Artificial city

The snow at the Beijing Winter Olympics is almost entirely man-made

Artificial snow has been used in the Winter Olympics since 1980, but the Beijing Olympics will be the first to rely almost entirely on artificial snow.

The Beijing Organizing Committee kicked off the 2022 Winter Olympics with the opening ceremony February 4. Athletes from around the world will compete on snow and ice in and around Beijing for the next two weeks.

But will the athletes actually compete on real snow? Securities in the week leading up to the start of Beijing 2022 have suggested otherwise, saying the event will rely almost entirely on artificial snow.


Are the Beijing Olympics almost entirely dependent on artificial snow?



Yes, the Beijing Olympics rely almost entirely on artificial snow.


According to a report from Sport Ecology Group, the Beijing 2022 Olympic Games will go down in history as the first Olympic Games on “virtually 100% artificial snow”. Noah Molotch, associate professor of geographic hydrology at the University of Colorado Boulder with expertise in snow hydrology and a doctorate in hydrology, said these will be the first Winter Olympics to rely almost entirely on snow artificial and to consciously plan to do so from the start. .

“Many Olympics will rely on natural snowfall, but then cover with artificial snow as needed to augment the natural snowfall,” Molotch said. “But in those particular games, they knew it’s a place that gets very little natural snow and that they would rely exclusively on artificial snow.”

The use of artificial snow by the Olympic Games for the 2022 Games is confirmed in the Beijing 2022 Pre-Games Sustainability Report. The report explains the strategies that the Beijing Organizing Committee is trying to reduce water consumption in the creation of artificial snow, although the report does not confirm to what extent the Beijing Games will depend on artificial snow.

The Sport Ecology Group said artificial snow has been used at the Winter Olympics since the 1980 Games in Lake Placid. Molotch said the snow at the 2014 Sochi Olympics, which took place in an unusually warm climate for the Winter Olympics, was 80% man-made.

“Made snow tends to be a lot denser, a lot more icy, a lot harder, more like concrete once it’s formed on the ground; whereas natural snow can be more like powder snow, lighter and fluffier,” Molotch said. “Natural snow can also become icy over time, but when it initially falls from the sky, it’s quite light and fluffy.”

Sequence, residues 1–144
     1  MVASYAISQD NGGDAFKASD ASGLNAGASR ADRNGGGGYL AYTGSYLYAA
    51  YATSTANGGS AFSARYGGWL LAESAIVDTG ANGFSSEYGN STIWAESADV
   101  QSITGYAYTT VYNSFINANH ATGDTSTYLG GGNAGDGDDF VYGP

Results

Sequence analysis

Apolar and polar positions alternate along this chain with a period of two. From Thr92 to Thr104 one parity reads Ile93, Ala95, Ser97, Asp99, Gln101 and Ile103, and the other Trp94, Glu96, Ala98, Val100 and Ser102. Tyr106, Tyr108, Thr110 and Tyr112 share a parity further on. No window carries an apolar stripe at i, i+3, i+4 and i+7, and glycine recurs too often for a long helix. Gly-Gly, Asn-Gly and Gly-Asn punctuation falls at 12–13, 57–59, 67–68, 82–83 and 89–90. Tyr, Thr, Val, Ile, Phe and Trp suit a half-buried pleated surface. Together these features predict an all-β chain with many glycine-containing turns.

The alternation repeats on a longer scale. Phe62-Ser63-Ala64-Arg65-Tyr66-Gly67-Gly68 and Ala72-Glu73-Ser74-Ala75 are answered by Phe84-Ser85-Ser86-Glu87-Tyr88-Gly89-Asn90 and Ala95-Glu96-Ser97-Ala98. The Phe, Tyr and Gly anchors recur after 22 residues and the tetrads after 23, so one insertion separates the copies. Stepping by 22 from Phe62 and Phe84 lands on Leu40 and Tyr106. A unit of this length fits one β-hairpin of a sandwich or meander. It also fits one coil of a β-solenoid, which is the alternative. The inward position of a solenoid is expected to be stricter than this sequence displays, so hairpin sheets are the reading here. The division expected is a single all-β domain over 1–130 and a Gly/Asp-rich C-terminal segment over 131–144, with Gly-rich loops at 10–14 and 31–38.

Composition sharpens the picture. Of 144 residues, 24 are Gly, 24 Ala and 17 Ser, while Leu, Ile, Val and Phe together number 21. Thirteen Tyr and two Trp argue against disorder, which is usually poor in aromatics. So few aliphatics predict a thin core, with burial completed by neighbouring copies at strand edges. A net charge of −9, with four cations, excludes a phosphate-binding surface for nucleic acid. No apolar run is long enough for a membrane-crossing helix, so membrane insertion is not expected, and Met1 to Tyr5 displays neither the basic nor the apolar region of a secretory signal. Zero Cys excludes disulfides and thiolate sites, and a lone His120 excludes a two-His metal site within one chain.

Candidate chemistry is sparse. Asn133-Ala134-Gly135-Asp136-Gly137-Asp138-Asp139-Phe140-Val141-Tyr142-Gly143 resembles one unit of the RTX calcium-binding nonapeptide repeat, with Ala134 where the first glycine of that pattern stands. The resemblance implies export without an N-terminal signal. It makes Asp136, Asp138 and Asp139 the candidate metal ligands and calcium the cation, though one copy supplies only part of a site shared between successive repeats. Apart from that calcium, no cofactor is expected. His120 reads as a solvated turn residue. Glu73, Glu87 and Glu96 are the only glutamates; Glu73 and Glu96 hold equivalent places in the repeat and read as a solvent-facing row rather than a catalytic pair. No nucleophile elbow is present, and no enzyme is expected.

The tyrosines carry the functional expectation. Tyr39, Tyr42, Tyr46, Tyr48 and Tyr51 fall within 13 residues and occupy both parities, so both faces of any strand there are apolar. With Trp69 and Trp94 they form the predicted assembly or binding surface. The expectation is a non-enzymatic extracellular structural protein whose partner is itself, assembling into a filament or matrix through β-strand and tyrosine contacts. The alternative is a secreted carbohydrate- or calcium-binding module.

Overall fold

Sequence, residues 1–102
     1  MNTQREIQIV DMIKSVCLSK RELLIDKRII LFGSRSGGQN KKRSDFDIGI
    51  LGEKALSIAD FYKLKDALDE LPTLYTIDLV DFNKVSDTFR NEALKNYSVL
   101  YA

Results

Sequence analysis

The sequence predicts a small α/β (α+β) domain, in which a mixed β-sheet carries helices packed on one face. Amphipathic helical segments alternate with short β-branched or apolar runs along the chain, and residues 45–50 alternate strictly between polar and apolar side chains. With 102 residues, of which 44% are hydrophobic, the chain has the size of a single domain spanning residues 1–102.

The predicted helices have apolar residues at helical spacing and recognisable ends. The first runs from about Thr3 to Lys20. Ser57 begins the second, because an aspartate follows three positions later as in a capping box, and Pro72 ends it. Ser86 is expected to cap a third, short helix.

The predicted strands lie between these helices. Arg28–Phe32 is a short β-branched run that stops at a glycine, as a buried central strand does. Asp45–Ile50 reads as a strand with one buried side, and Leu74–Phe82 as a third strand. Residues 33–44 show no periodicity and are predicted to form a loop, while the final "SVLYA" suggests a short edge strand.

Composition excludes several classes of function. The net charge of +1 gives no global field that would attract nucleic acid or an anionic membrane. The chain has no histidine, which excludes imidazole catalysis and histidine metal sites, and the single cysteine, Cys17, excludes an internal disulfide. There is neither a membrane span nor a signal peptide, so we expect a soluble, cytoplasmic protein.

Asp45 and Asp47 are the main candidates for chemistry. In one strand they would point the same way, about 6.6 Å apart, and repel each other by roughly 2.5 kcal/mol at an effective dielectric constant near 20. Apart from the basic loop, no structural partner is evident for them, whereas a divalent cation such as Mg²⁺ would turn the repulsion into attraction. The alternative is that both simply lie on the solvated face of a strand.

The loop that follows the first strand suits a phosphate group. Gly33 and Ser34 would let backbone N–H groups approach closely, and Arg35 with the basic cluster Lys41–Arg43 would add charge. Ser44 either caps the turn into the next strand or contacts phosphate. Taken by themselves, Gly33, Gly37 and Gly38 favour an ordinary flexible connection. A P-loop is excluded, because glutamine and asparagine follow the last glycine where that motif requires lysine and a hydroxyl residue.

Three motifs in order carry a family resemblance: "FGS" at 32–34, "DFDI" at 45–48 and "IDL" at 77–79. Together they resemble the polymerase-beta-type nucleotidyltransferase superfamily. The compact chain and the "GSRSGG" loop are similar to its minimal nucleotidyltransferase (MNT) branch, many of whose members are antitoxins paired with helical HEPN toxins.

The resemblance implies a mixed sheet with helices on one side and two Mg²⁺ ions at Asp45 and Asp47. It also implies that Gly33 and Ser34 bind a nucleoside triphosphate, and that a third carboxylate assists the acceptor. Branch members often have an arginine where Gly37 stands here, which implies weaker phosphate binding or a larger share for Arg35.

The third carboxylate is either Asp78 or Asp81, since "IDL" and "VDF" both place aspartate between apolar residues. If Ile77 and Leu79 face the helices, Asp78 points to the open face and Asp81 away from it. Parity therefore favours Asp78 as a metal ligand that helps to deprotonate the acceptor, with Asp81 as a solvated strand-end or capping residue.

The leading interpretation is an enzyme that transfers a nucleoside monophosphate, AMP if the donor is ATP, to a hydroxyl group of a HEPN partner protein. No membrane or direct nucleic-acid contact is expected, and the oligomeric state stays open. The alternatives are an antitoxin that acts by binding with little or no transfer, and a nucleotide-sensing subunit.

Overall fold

Artificial snow is good at maintaining consistent snow conditions from the top to the bottom of a hill, making it ideal for downhill skiing and other competitions that rely on speed, Molotch said. For aerial events like the halfpipe, he said, artificial snow can be more dangerous for athletes who fall because of its firmness.

But there is no good snow formula to eliminate the dangers for athletes. Molotch said even a mixture of artificial snow and natural snow can become inconsistent on the surface and therefore dangerous when athletes scratch and melt the top layer of natural snow during a competition day.

Athletes know the characteristics of different snow mixes and prepare appropriately to compete in the specific conditions they will face, Molotch said. And they probably have plenty of opportunities to practice on artificial snow.

“Ski resorts around the world rely heavily on artificial snow at the start of the snow season,” Molotch said. “And depending on where you are in the world, they may depend on that throughout the ski season.”

The Sport Ecology Group report estimates that 95% of ski resorts worldwide rely to some degree on artificial snowmaking. Resorts use their artificial snow to ensure good quality conditions, extend the ski season, or both.

One of the main problems with artificial snow is that it requires a lot of water to create. That’s why the Beijing Organizing Committee devoted an entire section of its sustainability report to mitigating its impact on local water supplies. This includes its adoption of an “intelligent snow system” that can be monitored in real time with digital devices. The Beijing Organizing Committee estimates that it can save up to 20% water in snowmaking by using this system.

According to the Sport Ecology Group report, the need for artificial snow may continue during the next Winter Olympics due to climate change. A to study published in January 2022, led by researchers at the University of Waterloo in Canada, predicted that in the event of high levels of fossil fuel emissions, only four of the last 21 host cities of the Winter Olympics, including Beijing , would constitute reliable winter accommodation sites in 2050 due to poor natural snow conditions. Researchers believe that only one host city – Sapporo, Japan – will still be a reliable host of the Winter Olympics by the end of the century.

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